Several very close associates of Samuel Phips are shown not too far to the northeast from the area occupied by James Mulkey and Owen Sizemore. These are listed as 32 (John Toliver), 34 (George Reaves or Reeves), and 35 (Moses Toliver).
Samuel Phips is not listed on that map, but would have been around this same latter group, in the area where the New River is seen on the map to make a small loop as it travels from Virginia down into North Carolina, then back up into Virginia.
The county designations on the map pertain to current boundaries. This area where George Reeves and the Tolivers are shown is labeled Alleghany County on the map, but was not Alleghany County during Samuel Phips’s lifetime.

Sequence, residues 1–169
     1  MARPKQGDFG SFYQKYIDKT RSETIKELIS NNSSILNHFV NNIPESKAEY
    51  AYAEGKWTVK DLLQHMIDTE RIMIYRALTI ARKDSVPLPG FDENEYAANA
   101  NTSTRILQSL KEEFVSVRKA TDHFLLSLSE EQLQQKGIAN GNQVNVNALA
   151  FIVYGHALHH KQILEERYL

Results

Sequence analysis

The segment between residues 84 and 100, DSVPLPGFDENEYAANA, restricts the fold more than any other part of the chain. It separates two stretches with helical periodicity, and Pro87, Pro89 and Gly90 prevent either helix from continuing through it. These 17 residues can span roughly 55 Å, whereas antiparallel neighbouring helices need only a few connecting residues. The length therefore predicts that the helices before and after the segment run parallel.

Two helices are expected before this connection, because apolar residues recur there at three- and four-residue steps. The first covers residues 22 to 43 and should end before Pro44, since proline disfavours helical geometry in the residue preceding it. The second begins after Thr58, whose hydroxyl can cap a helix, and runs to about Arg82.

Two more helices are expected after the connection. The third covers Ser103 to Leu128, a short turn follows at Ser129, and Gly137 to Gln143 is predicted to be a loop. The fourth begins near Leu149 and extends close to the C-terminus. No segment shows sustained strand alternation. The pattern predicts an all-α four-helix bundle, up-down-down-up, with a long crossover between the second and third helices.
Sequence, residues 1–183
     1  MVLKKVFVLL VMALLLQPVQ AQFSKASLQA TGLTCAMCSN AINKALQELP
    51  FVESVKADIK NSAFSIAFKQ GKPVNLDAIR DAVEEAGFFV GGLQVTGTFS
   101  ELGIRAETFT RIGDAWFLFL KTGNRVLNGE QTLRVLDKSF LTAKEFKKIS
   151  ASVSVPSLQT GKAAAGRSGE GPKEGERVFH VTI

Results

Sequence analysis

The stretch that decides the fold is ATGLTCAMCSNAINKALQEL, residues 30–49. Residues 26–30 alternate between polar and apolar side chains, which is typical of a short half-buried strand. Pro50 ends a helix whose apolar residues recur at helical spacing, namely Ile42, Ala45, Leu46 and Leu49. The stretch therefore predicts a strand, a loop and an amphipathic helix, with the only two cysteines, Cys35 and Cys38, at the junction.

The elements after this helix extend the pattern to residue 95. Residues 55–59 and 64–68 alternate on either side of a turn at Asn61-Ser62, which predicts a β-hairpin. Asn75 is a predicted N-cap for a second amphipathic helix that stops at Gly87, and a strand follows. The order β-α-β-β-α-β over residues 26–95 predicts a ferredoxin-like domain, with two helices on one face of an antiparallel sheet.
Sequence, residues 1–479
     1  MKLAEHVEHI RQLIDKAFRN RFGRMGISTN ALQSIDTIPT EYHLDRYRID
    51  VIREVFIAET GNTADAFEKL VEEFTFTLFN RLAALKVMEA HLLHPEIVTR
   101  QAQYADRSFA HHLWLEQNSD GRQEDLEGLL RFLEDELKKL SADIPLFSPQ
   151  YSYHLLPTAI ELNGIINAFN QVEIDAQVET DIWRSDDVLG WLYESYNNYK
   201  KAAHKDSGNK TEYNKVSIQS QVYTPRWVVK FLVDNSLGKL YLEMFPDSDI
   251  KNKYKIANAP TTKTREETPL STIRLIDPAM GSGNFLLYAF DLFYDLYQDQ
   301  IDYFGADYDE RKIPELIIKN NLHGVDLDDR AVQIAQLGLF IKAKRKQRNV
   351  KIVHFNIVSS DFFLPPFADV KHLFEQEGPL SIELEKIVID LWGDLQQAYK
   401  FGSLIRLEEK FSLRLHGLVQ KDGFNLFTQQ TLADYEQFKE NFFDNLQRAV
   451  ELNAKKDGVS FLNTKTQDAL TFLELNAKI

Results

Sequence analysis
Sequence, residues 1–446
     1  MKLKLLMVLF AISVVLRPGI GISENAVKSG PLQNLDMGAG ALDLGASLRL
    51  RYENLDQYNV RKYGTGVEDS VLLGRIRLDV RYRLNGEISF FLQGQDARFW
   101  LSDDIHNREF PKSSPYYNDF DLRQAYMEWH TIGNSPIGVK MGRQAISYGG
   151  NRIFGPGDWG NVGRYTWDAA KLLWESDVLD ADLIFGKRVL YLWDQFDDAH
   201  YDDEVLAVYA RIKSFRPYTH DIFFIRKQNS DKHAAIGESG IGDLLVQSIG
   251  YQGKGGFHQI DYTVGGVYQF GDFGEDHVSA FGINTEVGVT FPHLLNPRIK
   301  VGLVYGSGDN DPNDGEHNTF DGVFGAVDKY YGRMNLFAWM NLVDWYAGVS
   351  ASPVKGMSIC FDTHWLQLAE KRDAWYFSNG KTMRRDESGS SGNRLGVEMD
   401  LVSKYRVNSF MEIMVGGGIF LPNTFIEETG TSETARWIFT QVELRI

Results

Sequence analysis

- Berry Phipps (INLAWREN-L Archives)
- Early Settlement Along the New River (NC and VA) Basin (National Park Service)
- Early Wilkes Co., NC Settlers Who Appear Related
- Elizabeth Phipps (Message Board)
- Families Associated with Samuel Phipps of Wilkes Co., NC
- Family Bible, Littleberry Phipps of NC & IN
- Gideon Potter, Son of Martha (Phipps) Potter
- John Fips, d. 1768, and His Wife Tabitha (A Witcher Genealogy)
- John Witcher Phipps: Why that Name?
- Littleberry (“Berry”) Phipps of NC, KY, and IN
- Phips, Phipps, Fips, or Fipps: Lawrence County, Indiana
- P.S. Regarding Littleberry Phipps
- Samuel Phips of Ashe County, North Carolina: His Gift of a Slave Girl